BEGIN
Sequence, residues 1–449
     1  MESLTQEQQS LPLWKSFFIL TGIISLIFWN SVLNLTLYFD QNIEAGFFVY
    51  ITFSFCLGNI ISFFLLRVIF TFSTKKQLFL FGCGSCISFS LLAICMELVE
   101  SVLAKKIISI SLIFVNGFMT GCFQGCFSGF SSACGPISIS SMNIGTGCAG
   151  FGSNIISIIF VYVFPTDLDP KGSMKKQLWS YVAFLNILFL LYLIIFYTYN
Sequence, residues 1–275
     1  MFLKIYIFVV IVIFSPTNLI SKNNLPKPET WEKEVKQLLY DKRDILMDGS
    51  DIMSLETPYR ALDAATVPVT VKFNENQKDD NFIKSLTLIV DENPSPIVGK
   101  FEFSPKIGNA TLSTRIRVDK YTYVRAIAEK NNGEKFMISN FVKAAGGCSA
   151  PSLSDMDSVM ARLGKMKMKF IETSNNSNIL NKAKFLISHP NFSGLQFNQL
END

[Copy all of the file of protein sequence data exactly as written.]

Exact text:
Sequence, residues 1–449
     1  MESLTQEQQS LPLWKSFFIL TGIISLIFWN SVLNLTLYFD QNIEAGFFVY
    51  ITFSFCLGNI ISFFLLRVIF TFSTKKQLFL FGCGSCISFS LLAICMELVE
   101  SVLAKKIISI SLIFVNGFMT GCFQGCFSGF SSACGPISIS SMNIGTGCAG
   151  FGSNIISIIF VYVFPTDLDP KGSMKKQLWS YVAFLNILFL LYLIIFYTYN
Sequence, residues 1–275
     1  MFLKIYIFVV IVIFSPTNLI SKNNLPKPET WEKEVKQLLY DKRDILMDGS
    51  DIMSLETPYR ALDAATVPVT VKFNENQKDD NFIKSLTLIV DENPSPIVGK
   101  FEFSPKIGNA TLSTRIRVDK YTYVRAIAEK NNGEKFMISN FVKAAGGCSA
   151  PSLSDMDSVM ARLGKMKMKF IETSNNSNIL NKAKFLISHP NFSGLQFNQL